Year of Award
Master of Interdisciplinary Studies (MIS)
Department or School/College
Interdisciplinary Studies Program
Micheal D. DeGrandpre
Michael D. DeGrandpre, J.B.A. Sandy Ross, Bradley E. Layton, James C. Beck
ocean acidification, drifter, spectrophotometric, pH
University of Montana
Chemical Engineering | Environmental Chemistry | Geochemistry | Mechanical Engineering
Since the Industrial Revolution, the world's oceans have absorbed increasing amounts of CO2 and the resultant changes to the marine carbonate chemical system have reduced the pH by > 0.1 units (~ 30%) in surface waters. This acidification of the oceans has many far reaching impacts on marine life and there is great need of quality instrumentation to assess and follow the changing carbonate system. This MIS project aims to develop a low cost pH sensor with high precision and accuracy for open sea measurements with special emphasis on reduced size and cost. Design effort is based on the commercially available in situ ocean pH sensor, the SAMI-pH. Emphasis on small size and low cost will allow deployment of the sensors on a much wider variety of platforms than are currently viable thus greatly extending the spatial and temporal resolution of ocean acidification measurements. One such platform is NOAAs Global Drifter Program, a network of non-recovered drifting buoys that has potential for ocean carbon cycle research. A prototype instrument was designed, the inexpensive SAMI-pH or iSAMI-pH. This instrument was entered into the Wendy Schmidt Ocean Health (WSOH) XPRIZE. This was an incentivized global competition to spur innovation in pH sensor technology with both accuracy and affordability prize purses totaling $2 million dollars. The affordability purse consisted of three phases of testing that explored accuracy, precision and stability using a variety of tests that spanned 6 months. It progressed from bench testing in a temperature controlled chamber and a 60 day tank test at the Monterey Bay Aquarium Research Institute (MBARI), to a month long deployment in a specially designed tank at the Seattle Aquarium that used the highly variable waters of Puget Sound. In lab testing, the iSAMI showed ± 0.01 accuracy. In the MBARI test tank, the iSAMI showed precision of ± 0.004 pH units and stability of 0.008 pH units per month with validation uncertainty of ± 0.009 pH units. In the coastal trials, the iSAMI again showed a precision of ± 0.004 pH units and a stability of 0.011 pH units per month with a validation uncertainty of ± 0.012 pH units. Stability or drift was statistically indistinguishable from that of the validation measurements. The iSAMI was in excellent agreement with the commercially available SAMI-pH which won the accuracy prize purse of the WSOH XPRIZE. The iSAMI won the affordability prize purse exceeding the performance metrics by several fold.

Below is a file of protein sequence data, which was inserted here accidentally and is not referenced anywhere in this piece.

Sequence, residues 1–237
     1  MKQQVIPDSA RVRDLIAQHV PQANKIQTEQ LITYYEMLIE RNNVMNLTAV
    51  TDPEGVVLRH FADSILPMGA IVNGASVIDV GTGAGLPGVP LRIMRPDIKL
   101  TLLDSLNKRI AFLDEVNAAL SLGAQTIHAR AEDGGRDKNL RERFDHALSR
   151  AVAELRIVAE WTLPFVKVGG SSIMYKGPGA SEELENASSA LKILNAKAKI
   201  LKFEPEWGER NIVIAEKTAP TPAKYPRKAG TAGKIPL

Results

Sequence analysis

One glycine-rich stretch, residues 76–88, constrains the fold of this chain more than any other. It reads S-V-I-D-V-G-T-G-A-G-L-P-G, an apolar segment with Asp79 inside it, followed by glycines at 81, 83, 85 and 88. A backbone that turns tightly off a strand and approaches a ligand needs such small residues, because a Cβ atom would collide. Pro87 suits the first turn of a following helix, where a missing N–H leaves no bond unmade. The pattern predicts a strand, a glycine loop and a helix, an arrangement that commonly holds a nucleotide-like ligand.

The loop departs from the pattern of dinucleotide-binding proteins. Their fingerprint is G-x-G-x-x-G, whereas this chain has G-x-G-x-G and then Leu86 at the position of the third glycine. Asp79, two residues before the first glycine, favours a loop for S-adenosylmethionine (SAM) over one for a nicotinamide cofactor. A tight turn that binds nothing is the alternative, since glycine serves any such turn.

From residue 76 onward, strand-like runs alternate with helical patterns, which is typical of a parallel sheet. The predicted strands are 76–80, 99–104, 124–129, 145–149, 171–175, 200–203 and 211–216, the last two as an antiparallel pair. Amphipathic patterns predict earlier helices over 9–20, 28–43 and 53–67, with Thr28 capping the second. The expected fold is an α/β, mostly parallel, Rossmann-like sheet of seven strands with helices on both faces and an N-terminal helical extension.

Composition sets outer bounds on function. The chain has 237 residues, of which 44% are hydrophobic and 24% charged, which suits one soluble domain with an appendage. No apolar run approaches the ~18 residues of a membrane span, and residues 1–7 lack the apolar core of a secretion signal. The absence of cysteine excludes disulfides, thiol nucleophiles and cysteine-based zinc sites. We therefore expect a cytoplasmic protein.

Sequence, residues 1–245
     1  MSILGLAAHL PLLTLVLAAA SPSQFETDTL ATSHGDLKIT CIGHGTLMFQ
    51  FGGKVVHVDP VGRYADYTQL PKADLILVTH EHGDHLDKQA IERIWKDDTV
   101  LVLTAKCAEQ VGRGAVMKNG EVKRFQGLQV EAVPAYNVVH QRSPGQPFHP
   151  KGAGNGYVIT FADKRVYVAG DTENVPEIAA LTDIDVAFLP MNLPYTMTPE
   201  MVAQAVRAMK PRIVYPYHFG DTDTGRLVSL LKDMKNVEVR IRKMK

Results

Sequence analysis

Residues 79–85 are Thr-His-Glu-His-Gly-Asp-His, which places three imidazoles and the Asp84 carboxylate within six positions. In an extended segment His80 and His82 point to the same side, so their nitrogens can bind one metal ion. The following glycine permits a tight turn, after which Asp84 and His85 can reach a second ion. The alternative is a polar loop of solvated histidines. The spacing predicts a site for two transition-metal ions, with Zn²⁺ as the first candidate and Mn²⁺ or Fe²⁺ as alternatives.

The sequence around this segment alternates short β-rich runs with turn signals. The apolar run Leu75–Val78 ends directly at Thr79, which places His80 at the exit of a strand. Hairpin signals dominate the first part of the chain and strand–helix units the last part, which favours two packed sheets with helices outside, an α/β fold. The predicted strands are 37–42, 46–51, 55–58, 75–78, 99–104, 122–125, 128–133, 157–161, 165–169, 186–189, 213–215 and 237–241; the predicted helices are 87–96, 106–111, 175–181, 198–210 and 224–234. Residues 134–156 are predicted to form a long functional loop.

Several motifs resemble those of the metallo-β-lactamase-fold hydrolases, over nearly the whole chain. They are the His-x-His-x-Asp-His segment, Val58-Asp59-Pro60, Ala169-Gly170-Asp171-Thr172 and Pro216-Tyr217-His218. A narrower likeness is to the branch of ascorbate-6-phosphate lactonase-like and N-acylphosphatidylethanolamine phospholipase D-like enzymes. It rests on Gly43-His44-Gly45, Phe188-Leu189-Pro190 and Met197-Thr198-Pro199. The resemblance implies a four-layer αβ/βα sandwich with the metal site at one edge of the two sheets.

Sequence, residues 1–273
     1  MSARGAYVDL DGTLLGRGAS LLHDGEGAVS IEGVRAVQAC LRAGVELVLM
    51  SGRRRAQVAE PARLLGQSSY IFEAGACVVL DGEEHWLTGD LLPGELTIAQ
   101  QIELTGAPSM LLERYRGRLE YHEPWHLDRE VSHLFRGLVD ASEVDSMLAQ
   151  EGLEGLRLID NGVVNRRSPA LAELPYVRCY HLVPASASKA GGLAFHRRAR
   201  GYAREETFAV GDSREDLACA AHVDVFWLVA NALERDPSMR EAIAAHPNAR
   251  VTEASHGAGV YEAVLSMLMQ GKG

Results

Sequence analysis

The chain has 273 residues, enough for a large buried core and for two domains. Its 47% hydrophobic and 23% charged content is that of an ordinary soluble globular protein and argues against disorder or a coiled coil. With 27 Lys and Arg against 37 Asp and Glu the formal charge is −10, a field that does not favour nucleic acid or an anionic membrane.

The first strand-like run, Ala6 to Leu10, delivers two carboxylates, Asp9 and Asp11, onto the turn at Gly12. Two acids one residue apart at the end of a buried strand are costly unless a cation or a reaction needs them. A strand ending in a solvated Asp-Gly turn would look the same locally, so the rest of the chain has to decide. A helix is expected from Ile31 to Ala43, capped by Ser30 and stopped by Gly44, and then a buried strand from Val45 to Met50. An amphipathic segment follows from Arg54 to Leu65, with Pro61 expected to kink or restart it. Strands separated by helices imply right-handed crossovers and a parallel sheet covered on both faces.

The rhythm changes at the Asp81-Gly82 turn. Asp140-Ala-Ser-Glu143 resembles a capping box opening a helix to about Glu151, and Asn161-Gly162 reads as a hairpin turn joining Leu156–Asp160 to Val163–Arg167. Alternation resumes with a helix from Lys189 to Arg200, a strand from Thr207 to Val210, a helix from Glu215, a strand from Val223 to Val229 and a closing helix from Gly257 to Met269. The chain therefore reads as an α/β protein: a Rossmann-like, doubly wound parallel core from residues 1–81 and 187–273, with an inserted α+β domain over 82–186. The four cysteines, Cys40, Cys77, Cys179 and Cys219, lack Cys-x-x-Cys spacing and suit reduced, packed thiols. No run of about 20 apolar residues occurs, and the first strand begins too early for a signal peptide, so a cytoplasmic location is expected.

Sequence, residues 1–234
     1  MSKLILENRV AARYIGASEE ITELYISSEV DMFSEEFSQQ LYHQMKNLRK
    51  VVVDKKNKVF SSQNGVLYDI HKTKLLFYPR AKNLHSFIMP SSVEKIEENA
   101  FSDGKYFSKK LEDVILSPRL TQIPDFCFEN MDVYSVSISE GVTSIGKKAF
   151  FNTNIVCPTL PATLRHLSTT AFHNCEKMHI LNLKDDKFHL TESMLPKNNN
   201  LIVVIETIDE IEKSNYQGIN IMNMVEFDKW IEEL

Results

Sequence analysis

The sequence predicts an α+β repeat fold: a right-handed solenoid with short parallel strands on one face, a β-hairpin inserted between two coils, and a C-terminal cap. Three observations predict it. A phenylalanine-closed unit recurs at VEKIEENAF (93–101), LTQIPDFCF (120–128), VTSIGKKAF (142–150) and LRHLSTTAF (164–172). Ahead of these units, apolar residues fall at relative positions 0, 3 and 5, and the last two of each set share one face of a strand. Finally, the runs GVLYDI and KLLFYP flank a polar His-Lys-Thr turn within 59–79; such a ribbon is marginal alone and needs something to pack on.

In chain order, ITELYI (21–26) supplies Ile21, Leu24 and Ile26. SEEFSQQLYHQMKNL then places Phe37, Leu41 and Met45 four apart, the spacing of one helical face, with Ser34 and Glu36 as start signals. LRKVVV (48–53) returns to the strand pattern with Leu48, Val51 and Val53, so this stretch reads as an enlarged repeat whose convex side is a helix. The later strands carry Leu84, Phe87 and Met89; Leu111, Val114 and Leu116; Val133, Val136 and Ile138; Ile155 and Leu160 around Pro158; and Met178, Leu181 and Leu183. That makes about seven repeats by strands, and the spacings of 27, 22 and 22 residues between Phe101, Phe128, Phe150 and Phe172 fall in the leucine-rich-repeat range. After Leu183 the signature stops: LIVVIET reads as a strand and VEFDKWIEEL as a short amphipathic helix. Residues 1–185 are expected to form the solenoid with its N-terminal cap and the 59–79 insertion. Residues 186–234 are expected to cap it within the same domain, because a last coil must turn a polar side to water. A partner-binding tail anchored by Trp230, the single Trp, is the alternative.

Darlington, Reuben C., "A miniaturized spectrophotometric in situ pH sensor for seawater" (2017). Graduate Student Theses, Dissertations, & Professional Papers. 11028.
© Copyright 2017 Reuben C. Darlington